Tuesday, January 28, 2014

Lizard Disco

Lucien just turned eight.  It's a number that makes me say "wow" but not yet a number that freaks me out.  My guess is that will come around 10.

Lucien wanted to take a birthday treat to school to share with his classmates.  His teacher said, due to all the food allergies in the class this year, the only "treat" allowed was fruit.  So I sent him to school with a bag of bananas.  Happy Birthday, son, get buckwild.

I'm confused about my own school days, back when our parents were free to send in piles of gluten-filled gut bombs for classroom birthday celebrations.  Were there fewer allergies when I was a kid?  Or were there a bunch of miserable moaning kids on the ground out in the hallway I just didn't notice? 

I'm not making light of food allergies.  I know kids with severe food allergies; if they come into contact with the wrong thing, it could kill them.  It's scary as hell.  I'm just trying to understand how food allergies got so omnipresent that kids now have to blow out birthday candles stuck into browned pieces of pear.

Lucien has wanted a lizard for a long time. Whenever we went to Petco to get something for one of our other animals, Lucien stood transfixed in front of the lizards.  He especially liked the baby bearded dragons because they would always come check him out, pressing their tiny bearded dragon faces against the glass with their heads cocked to the side.

Then the begging would begin and I'd have to remind him of the cold hard truth -- no way we're getting a bearded dragon, those things can live up to 15 years and that's more of a commitment than I'm willing to make to a lizard.

But lizard fate is funny.  A middle-aged bearded dragon dropped into our laps last week when a woman posted on a local parenting listserve that her son was headed to college in the fall and was leaving behind his beloved pet bearded dragon named Bobo.  She wanted Bobo to go to a good home, preferably a home with a kid who would love Bobo as much as her son had.

We went to meet Bobo the next day after school.  The woman who welcomed us was visibly moved; Lucien reminded her so very much of her son at the age of almost-eight.  There were other people interested in Bobo, too, but the woman and her family discussed and decided to tell them to BUZZ OFF.  As soon as they met, it was obvious Bobo belonged with The Loosh.

When Lucien met Bobo

I wanted Bobo to be a surprise for Lucien on his birthday so had to stall for a week.  I hemmed and hawwed and made up all sorts of reasons why we couldn't get Bobo, at least not yet.  It made Lucien crazy to the brink of disowning me as a mother.  He pulled his hair out and cried, "What?? His eyes are too blinky for your liking?  How is that even a thing!?"

The crisis was solved by telling Lucien he had to "earn" Bobo.  He had to take exclusive care of our other pets for one week to prove he was up to the responsibility of caring for Bobo.  It was a pretty brilliant idea; Lucien stopped pestering me AND I no longer had to clean the bird cage.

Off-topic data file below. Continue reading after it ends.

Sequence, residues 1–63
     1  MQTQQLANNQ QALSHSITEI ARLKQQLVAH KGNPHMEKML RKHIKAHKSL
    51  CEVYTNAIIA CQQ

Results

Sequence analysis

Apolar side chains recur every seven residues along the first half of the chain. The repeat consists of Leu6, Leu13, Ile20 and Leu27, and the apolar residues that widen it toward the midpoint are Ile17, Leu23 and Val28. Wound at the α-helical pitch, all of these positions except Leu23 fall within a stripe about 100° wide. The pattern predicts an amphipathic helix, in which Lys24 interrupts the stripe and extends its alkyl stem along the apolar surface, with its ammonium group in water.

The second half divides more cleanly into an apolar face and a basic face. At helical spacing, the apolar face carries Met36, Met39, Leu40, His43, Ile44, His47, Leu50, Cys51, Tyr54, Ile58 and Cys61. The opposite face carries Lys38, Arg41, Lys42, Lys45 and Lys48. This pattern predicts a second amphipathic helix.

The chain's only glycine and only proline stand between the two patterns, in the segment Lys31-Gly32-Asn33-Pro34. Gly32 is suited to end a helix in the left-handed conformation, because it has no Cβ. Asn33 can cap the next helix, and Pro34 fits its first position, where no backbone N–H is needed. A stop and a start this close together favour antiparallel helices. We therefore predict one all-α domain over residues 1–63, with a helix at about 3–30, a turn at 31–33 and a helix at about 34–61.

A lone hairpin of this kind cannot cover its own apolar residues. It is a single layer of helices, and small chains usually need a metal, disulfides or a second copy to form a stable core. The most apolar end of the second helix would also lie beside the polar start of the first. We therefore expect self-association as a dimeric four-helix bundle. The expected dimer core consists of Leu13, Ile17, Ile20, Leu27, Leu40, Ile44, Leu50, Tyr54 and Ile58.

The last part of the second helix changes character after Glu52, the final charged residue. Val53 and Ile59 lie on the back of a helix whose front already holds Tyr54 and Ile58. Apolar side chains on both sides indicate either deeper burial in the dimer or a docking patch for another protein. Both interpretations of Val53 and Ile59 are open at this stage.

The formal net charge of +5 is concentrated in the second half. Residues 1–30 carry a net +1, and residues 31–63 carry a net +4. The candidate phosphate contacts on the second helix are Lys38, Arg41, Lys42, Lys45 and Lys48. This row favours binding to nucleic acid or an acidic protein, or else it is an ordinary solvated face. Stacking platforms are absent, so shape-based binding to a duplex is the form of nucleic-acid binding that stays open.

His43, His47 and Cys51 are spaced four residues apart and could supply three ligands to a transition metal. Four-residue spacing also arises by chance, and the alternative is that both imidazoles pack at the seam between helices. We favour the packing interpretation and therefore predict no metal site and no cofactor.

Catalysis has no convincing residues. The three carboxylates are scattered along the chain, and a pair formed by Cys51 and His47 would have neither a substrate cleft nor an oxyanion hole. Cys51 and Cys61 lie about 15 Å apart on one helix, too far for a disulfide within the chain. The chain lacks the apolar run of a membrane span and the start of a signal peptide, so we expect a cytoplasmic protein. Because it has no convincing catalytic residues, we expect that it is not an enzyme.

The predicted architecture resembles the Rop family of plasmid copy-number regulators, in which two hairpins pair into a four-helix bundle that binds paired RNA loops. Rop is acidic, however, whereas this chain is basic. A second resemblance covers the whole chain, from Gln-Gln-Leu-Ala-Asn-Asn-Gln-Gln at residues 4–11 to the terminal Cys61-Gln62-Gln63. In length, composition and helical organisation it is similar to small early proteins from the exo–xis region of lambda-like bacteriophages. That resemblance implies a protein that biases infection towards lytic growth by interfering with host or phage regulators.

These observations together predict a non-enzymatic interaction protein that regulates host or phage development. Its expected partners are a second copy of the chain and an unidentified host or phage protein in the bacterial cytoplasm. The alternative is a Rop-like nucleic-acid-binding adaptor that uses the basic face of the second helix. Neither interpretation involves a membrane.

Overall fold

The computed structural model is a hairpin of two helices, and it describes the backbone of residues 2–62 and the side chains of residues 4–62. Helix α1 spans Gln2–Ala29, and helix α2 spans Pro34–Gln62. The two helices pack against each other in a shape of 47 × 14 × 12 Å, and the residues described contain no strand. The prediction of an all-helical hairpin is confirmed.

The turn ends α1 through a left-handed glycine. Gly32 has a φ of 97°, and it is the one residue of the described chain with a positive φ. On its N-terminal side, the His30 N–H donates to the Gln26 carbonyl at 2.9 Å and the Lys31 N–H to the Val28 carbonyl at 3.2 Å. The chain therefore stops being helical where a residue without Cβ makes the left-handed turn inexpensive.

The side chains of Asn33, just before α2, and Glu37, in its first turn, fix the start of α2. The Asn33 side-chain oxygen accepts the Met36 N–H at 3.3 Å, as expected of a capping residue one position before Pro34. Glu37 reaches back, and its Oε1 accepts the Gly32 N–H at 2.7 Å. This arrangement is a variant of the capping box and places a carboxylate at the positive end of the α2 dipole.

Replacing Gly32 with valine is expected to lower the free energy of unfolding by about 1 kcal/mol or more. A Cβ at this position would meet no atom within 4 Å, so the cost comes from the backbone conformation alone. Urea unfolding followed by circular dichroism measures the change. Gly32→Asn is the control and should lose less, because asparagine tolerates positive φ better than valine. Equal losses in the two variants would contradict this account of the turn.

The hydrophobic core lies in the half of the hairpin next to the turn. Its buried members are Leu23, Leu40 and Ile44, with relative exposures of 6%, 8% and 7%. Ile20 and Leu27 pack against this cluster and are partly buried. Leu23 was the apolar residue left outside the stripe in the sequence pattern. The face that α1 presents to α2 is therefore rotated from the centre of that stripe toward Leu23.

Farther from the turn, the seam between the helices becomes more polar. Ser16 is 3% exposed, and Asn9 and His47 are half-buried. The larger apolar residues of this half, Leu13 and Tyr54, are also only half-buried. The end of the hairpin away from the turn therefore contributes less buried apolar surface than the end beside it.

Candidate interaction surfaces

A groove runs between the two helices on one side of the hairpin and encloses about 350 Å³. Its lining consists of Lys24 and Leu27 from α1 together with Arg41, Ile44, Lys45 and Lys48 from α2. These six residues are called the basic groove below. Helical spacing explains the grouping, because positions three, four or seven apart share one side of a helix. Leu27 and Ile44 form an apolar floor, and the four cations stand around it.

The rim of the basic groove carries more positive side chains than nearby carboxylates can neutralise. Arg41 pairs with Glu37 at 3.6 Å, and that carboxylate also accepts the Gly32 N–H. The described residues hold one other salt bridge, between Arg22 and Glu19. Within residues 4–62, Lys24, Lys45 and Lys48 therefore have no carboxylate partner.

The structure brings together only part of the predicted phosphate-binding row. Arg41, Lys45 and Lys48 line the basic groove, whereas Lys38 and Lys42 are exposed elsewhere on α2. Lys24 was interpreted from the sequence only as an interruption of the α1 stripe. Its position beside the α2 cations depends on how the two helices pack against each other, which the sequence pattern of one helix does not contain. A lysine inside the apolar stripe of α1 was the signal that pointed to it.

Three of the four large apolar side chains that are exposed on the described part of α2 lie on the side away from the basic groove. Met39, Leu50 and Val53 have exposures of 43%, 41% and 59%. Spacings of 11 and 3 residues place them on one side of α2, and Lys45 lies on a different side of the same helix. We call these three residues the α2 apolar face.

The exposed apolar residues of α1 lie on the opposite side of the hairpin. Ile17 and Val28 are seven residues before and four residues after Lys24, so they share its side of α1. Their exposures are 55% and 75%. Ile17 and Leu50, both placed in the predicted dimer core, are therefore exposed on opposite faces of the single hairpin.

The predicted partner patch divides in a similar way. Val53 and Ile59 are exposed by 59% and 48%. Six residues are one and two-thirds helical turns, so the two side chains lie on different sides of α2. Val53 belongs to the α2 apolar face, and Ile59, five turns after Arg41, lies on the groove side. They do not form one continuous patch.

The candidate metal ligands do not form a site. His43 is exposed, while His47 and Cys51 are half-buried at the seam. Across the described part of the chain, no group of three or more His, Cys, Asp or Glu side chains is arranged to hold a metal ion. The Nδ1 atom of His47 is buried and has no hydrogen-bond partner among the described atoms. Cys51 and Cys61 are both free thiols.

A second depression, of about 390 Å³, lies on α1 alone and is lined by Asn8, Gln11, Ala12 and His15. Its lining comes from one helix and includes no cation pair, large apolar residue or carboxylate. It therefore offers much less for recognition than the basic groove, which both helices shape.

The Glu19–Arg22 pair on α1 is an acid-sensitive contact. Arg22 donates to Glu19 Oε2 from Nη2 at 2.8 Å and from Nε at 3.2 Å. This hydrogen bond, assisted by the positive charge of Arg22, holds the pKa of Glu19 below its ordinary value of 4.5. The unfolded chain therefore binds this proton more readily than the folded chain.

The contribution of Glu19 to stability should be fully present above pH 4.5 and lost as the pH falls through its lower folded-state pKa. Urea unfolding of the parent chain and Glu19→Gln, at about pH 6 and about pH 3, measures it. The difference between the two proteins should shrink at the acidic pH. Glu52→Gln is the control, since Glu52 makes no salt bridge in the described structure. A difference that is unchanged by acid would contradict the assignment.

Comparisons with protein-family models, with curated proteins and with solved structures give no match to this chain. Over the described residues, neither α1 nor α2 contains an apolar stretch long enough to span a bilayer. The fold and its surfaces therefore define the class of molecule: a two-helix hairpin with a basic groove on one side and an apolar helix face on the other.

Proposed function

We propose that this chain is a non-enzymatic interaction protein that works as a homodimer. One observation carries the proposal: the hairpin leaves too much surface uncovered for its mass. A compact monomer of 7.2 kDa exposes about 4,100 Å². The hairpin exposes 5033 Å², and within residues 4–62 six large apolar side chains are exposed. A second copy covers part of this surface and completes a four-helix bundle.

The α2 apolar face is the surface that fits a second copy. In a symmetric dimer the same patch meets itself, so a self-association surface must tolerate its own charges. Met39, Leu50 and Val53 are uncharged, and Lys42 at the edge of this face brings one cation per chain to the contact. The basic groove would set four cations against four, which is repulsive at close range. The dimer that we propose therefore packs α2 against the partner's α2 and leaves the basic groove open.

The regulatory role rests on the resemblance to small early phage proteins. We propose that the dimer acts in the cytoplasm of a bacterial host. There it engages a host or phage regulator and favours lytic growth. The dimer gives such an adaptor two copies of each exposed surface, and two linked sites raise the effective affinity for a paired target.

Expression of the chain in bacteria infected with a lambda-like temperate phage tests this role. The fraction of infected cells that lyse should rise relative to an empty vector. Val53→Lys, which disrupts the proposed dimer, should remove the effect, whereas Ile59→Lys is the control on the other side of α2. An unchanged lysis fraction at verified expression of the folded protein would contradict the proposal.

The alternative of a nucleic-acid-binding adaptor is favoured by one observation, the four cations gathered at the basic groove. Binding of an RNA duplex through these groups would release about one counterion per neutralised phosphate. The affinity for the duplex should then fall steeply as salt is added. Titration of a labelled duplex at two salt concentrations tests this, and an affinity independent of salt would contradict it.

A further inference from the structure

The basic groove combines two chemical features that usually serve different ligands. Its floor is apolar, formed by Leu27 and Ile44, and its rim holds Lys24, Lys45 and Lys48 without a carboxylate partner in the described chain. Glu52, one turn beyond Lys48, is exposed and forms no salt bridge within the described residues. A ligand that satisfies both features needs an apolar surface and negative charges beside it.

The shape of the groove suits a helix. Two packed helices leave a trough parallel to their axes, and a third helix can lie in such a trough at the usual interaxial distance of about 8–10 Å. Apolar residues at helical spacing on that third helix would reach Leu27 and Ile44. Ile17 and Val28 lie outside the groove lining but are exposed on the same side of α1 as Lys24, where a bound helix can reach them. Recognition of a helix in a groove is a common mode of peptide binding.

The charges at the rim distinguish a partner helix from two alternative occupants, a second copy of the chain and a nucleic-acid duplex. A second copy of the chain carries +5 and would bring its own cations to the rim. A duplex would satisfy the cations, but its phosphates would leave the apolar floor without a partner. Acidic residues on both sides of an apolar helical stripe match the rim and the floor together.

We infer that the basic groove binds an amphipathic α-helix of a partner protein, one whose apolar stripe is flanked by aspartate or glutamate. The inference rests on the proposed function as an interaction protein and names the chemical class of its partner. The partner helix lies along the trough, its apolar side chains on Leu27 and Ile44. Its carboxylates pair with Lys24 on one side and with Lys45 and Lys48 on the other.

The plan may have backfired on our pets, though.  Lucien was so excited to be working towards Bobo he arose early every morning and completed the entire pet care checklist by 6:00 a.m.  Oscar was groggy and confused as Lucien dragged him outside to go to the bathroom and gave him a bath before dawn.  Stella no doubt grew concerned when the kid with the crazed eyes and shaky excited hands changed her water every five minutes.

On Lucien's birthday, while he was at school eating his celebratory banana, my sister Raba met me at Bobo's house to help carry his 50 gallon tank to my car.  Carrying that tank was similar to carrying a Volkswagen -- as in, you know it's going to be heavy in theory but you have no idea what "heavy" means until you're up under the thing.

Bobo's owner had to jump in and help as we descended the steep and uneven concrete stairs outside her house.  All three of us felt it necessary to holler "Careful! Careful!" every few seconds just in case the other two had suffered sudden mental impairment and were about to go all gangbusters with the thing.

It was slow treacherous going made more exciting by the fact we all decided to wear stylish heeled boots that day.  Not the most practical footwear for what we were doing but dang we looked good doing it.

Raba and I were on our own once we got back to our house but after a pep talk, some stretches and some heeled shoe removal, we successfully installed Bobo in the newly redesigned kid room.  I rushed to finish the room last week because I was concerned about the possible effects of paint fumes on bearded dragons.

Kid room before --

Kid and lizard room after --

The look on Lucien's face when he came home from school that day and saw Bobo in the middle of his room was worth all the effort it took to get him there. Even my severely bruised thighs, which had been used several times as a tank resting place until feeling returned to my arms, ached a little less because of all of the happiness.